Better Halves

Cousin Shelley


"There. Nothing to it." He turned the light on, off, on again.

Brozzie stood, thick arms crossed over her chest, watching him and frowning. It hadn't taken Sam long to replace the fixture in the barn, but she hadn't asked him to do it in the first place, and was none too happy about him insisting. He seemed to think it was a fire hazard, not to mention a danger to her and anyone else who might pass by it. Or grab hold of it like a fool.

She'd even threatened him with the shotgun and told him he was trespassing, but he'd pushed it aside and said, "Shoot me and I can't leave. You'll just have to look at me that much longer. Now where's the shut off?"

She mumbled something about not having to look at him if she fed his body to her dogs, but finally gave in and let him fix the damned thing. Which he'd managed to do with no problems at all. She followed him outside. "What you want fer it?"

"Brozzie. . . " Sam smirked as he put his tools in the back of the truck. "The only thing I want is for your place not to burn to the ground." Before he drove off, he added, "That would only make you meaner."

Since then he'd stopped by regularly, claiming someone had called about a disturbance of some kind and naturally he thought of her shotgun, her dogs, her bad temper. She knew why he really came, though, because sometimes he'd notice something that might need fixing, and he just so happened to have the thing and the time to take care of it. Now he was replacing a rotten porch step he said was going to cause someone to break a leg. Sam was a good bloke, even though he wore that uniform. Her Otis had always liked him.

In many ways, Sam reminded her of Otis when he was younger, rest his soul. Same soft-spoken, slow way of talking, but quick eyes taking everything in. He just didn't always feel the need to ramble on about it all like most folks did. Same scrawny bottom, too. No matter how much she'd fed Otis, and she'd fed him plenty, he stayed lean and wiry like Sam. Folks like them always looked hungry, to her way of thinking.

And Sam looked even hungrier now, since the little bint packed up and moved out. He'd never mentioned her, and though Brozzie wasn't exactly friendly with most of the people around, she heard plenty of talk. She'd heard it when Sam married her, about how his new bride tried to convince him he should find a better line of work (a better paying line of work, Brozzie figured she meant). Most of the women in town carried on about how good he was to her, and how most'd kill for a man to treat them the way he did, like she was a right goddess or something.

Brozzie'd also heard Sam wanted to started a family, but she wouldn't have any of it. Probably the thought of looking down one day and not being able to count all of her ribs'd send her into a screaming fit. Yet he'd kept her on a pedestal no matter what she did to him. Or what she did with other uptown men when he wasn't lookin'.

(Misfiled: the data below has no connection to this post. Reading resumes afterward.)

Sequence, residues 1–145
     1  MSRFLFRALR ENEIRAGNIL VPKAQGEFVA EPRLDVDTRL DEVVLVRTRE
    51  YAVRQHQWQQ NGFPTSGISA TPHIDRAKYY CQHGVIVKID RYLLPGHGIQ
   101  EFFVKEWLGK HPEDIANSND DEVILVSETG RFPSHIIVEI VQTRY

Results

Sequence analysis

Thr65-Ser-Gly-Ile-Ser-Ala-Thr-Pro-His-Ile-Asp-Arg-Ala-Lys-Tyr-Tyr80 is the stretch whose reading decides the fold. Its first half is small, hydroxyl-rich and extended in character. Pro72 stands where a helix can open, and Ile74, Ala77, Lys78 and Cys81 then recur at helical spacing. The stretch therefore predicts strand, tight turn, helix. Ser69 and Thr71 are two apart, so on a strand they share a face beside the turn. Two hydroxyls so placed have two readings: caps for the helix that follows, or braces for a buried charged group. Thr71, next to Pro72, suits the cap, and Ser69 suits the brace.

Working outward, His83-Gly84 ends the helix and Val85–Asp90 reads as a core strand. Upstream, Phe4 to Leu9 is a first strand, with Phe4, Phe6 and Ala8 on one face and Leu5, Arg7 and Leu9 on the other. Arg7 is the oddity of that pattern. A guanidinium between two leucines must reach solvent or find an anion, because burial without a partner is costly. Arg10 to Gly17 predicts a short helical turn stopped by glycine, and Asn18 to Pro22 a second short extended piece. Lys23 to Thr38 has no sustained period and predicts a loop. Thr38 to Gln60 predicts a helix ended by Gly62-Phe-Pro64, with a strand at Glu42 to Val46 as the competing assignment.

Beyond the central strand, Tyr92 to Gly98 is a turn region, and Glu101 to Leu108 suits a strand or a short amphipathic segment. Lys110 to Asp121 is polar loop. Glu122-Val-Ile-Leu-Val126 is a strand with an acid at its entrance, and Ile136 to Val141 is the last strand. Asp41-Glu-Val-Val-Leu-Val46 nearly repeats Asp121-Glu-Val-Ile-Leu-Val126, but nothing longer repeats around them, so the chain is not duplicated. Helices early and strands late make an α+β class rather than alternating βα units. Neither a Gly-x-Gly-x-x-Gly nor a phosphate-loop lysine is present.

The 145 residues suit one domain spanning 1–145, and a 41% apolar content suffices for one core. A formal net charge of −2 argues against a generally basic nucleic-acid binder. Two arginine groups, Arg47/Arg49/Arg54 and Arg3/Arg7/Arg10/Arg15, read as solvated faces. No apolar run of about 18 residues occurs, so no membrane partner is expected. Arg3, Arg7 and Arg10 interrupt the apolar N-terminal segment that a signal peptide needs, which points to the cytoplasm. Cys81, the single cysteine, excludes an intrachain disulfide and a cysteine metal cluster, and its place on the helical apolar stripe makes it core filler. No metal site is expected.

After seven years she'd finally left him and took up with some business-type she'd been seein' on the sly for months. She'd wanted herself a pressed and buttoned-down slickster, a fancy-talker with greased-back hair. Brozzie shook her head at the thought. Some fella working in a suit with a silk tie and taking lunch in a fancy little shop where they bring you your dinner a piece a time instead of all at once, like normal people. Wouldn't do to have a man who sweats and rolls up his sleeves and wears boots and ain't afraid of a little dirt.

Brozzie figured Sam was too good for her, anyway. The shame of it was, she could look in Sam's eyes and tell he didn't think so. Ah, well, he'd get over her. He was a fine looker, rugged and solid with an honest face. Shouldn't take him long to find someone who'd appreciate a real man, with a sunburned neck and strong forearms and calloused hands. That is, if he wasn't too busy feeling sorry for himself to notice. Damn it, anyway, he should've known better than to get involved with the little chippie in the first place.

Sam opened the truck door and said what he always said before he left. "Well, Brozzie, you know, if you have any problems, pick up the phone. And behave."

"I cook too much."

Sam stopped, one hand on the open truck door. "Pardon?"

"I still cook too much, just for me. Got stew and rolls." Brozzie turned and headed toward the house, giving him no time to protest. "And fresh tea," she barked back over her shoulder. She was in the house before she heard the truck door close. She waited to hear the engine, but the porch creaked instead.

Sam fidgeted in the doorway, holding his hat. He smiled in that way of his that reminded her of Otis. It was a smile that said he knew an expression would do just as well as a buncha words.

"Well, come on! Wipe your feet and wash your hands," she bellowed, as if he would dare to skip either of those things. "Ain't got all day."

The water came on in the other room. She turned and looked at Sam's hat hanging on the back of a dining room chair and suddenly missed Otis more than she had in a while, and wondered just how stupid a Sheila'd have to be to let this one get away. Brozzie sighed, and decided the leftovers would go home with Sam, even the leftovers in the freezer. And in a few days, maybe, she'd make a batch of biscuits.


June, 2005